Diabetes is a disease wherein your sugar levels accumulate in your bloodstream. The injection of insulin will move the glucose from your blood to your cells to become energy.
In type 2 diabetes, your cells can’t respond to insulin effectively. Later on, your body also can’t also make enough insulin.
When uncontrolled, type 2 diabetes can result in long-term high blood sugar levels, and can cause severe complications, like heart and kidney disease.
Type 2 Diabetes Symptoms
Type 2 diabetes means your body can’t use insulin effectively to bring glucose in your cells. This makes your body need alternative sources of energy in your muscles, organs, and tissues. It can cause a chain reaction of symptoms.
The symptoms may appear mild and you can easily dismiss them. These are the early symptoms to watch out for:
Hungry all the time
As the disease festers, the symptoms can be more extreme and even life-threatening. If your blood glucose levels have been constantly rising, your symptoms can include:
Numbness in your extremities
Dark skin patches
Your sores heal very slowly
See your doctor if you have two or more of these symptoms.
The Cause of Type 2 Diabetes
Insulin is naturally produced by the pancreas. It’s released when we eat. Insulin transports the glucose from your bloodstream to cells in your body to facilitate the production of energy.
Having type 2 diabetes means you’re resistant to insulin. Your body can’t use the hormone effectively anymore. This results in your pancreas working harder.
Over time, this damages the cells in your pancreas. Then, your pancreas won’t be able to make any insulin.
Not making enough insulin means a build up of glucose in your blood. Your body then becomes hungry for energy. Your doctor knows exactly what triggers these.
It has to do with cell dysfunction or cell signaling and regulation. Some people are genetically predisposed to contracting type 2 diabetes as well as obesity, multiplying the risk of diabetes and insulin resistance.
Type 2 Diabetes Treatment
You can manage type 2 diabetes. Your physician will tell you how frequent you need to check your blood glucose levels. Your goal is to remain in a specific range.
These are some tips in managing type 2 diabetes:
Include fiber-rich foods. Eating vegetables and sticking to whole grains will maintain your blood glucose levels.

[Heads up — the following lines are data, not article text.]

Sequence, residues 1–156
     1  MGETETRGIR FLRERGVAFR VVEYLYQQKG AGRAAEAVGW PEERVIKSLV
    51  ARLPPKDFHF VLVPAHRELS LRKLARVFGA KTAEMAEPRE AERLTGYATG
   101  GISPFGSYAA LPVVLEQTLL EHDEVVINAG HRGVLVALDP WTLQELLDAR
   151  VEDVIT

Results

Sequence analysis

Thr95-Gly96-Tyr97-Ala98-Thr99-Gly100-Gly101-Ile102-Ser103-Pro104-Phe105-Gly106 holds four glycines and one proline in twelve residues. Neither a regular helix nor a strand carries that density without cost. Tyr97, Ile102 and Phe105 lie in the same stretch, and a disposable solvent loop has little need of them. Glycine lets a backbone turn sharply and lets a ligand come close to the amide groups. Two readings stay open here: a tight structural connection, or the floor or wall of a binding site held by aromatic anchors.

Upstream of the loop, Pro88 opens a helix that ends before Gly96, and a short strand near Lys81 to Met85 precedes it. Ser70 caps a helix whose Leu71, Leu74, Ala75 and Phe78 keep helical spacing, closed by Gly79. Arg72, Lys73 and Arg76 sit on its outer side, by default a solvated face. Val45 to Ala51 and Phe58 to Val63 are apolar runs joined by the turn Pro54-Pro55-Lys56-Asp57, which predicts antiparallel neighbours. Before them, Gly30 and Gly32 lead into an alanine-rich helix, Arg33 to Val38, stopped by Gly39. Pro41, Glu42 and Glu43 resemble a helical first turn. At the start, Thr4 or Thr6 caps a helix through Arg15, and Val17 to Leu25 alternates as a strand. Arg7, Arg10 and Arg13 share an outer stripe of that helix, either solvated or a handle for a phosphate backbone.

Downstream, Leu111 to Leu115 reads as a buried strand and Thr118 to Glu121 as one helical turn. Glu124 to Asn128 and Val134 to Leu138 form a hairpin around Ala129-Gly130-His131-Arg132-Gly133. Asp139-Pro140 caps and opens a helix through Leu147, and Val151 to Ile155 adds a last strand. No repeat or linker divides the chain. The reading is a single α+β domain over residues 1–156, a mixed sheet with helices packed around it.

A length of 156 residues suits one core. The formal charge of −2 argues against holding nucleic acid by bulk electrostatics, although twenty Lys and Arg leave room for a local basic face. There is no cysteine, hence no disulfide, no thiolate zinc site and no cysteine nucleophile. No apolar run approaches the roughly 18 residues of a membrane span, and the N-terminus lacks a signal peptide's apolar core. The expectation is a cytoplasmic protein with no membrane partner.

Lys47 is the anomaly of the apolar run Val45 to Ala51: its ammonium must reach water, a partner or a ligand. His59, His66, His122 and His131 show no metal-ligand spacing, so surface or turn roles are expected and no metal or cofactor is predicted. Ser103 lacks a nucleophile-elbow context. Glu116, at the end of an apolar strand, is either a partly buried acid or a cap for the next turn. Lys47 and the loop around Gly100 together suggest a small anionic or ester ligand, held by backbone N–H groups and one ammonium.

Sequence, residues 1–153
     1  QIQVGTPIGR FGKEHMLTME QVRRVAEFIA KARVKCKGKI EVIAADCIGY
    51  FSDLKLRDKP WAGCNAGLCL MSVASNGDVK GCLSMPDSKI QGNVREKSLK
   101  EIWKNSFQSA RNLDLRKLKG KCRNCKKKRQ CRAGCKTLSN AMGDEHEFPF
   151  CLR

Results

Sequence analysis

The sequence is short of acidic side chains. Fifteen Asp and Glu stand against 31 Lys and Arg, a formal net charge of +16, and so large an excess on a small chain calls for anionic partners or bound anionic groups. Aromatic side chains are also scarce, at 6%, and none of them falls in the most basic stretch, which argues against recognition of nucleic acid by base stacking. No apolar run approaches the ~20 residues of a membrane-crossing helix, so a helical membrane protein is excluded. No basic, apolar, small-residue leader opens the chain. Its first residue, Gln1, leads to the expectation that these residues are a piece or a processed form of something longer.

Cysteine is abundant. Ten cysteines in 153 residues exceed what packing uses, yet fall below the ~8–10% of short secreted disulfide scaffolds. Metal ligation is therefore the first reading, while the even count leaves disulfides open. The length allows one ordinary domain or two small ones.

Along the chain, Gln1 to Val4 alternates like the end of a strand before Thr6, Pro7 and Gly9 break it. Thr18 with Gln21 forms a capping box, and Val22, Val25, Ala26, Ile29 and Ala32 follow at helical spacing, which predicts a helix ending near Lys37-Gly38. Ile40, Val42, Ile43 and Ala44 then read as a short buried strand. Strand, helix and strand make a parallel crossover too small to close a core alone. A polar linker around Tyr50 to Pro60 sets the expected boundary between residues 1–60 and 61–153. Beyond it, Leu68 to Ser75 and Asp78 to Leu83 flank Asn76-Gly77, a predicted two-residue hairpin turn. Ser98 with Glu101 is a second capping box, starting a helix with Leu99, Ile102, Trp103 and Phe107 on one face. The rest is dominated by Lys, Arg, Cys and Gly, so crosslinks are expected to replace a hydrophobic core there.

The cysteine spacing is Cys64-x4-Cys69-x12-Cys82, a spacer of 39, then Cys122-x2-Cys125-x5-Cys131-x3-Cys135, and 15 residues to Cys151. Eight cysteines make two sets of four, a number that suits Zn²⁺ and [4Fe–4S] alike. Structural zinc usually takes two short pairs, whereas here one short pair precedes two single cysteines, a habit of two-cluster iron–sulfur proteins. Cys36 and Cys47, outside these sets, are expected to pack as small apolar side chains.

Eat at a regular schedule.
Eat only when you’re full.
Keep your heart healthy by staying away from refined carbs, sweets, and unhealthy fats.
Get at least half an hour of aerobic activity.
Your doctor will tell you how to recognize high blood sugar. They’ll also tell you which foods are good for you and not good for you.
Not everyone with type 2 diabetes will need insulin. If you’re one of the few who do, it’s because your pancreas can’t make enough insulin on its own. Follow the instructions your doctor tells you on when you should take insulin. Other medications will also help you.
Type 2 Diabetes Medications
You can keep type 2 diabetes under control with the right lifestyle changes. And there are medications that will help you with your daily life.
Metformin lowers your blood glucose levels and improves your insulin response.
Sulfonylureas help your body produce more insulin.
Meglitinides are fast-acting medications that will stimulate your pancreas into releasing more insulin.
Thiazolidinediones make your body more sensitive to insulin.
Other medications you can look into are dipeptidyl peptidase-4 inhibitors, glucagon-like peptide-1, and sodium-glucose cotransporter-2.
Each of these medications will have its own side effects. Insulin therapy is also needed if you can’t make enough insulin.
Type 2 Diabetes Diet
Diet is needed for your heart to be healthy and blood glucose in a safe range. It doesn’t have to be unpleasant or complicated. It all comes down to eating meals on a regular schedule, choosing foods that are nutritious and low-calorie, not overeating, and reading labels carefully.
Stay away from foods that are high in saturated and trans fats, beef or liver meats, processed meats, shellfish, margarine, white bread, processed snacks, fruit juices, high-fat dairy products, pasta, and white rice.
Also stay away from overly-salty foods and fried foods.
Foods To Eat
Whole fruits are great, as well as non-starchy vegetables, legumes, beans, oats, quinoa, and if you can’t help it, some sweet potatoes, tuna, sardines, salmon, mackerel, cod, flax seeds.
Go for olive oil, canola oil, or peanut oil, almonds, pecans, walnuts, and avocados.
Talk to your physician about your personal calorie and health goals. You can create a diet plan that will suit you and your lifestyle needs.
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